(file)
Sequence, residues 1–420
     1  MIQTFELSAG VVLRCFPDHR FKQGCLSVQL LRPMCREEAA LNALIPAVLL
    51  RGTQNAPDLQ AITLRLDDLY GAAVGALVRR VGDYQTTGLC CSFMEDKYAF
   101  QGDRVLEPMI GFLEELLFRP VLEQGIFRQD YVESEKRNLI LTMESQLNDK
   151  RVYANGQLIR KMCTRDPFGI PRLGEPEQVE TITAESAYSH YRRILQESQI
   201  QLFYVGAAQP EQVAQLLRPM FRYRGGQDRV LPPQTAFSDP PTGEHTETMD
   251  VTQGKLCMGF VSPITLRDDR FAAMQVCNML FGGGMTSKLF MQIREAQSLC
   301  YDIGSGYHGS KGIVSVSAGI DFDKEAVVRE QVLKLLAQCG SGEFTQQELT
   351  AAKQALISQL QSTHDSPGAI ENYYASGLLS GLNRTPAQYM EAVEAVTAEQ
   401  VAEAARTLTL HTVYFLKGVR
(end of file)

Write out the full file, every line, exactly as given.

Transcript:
Sequence, residues 1–420
     1  MIQTFELSAG VVLRCFPDHR FKQGCLSVQL LRPMCREEAA LNALIPAVLL
    51  RGTQNAPDLQ AITLRLDDLY GAAVGALVRR VGDYQTTGLC CSFMEDKYAF
   101  QGDRVLEPMI GFLEELLFRP VLEQGIFRQD YVESEKRNLI LTMESQLNDK
   151  RVYANGQLIR KMCTRDPFGI PRLGEPEQVE TITAESAYSH YRRILQESQI
   201  QLFYVGAAQP EQVAQLLRPM FRYRGGQDRV LPPQTAFSDP PTGEHTETMD
   251  VTQGKLCMGF VSPITLRDDR FAAMQVCNML FGGGMTSKLF MQIREAQSLC
   301  YDIGSGYHGS KGIVSVSAGI DFDKEAVVRE QVLKLLAQCG SGEFTQQELT
   351  AAKQALISQL QSTHDSPGAI ENYYASGLLS GLNRTPAQYM EAVEAVTAEQ
   401  VAEAARTLTL HTVYFLKGVR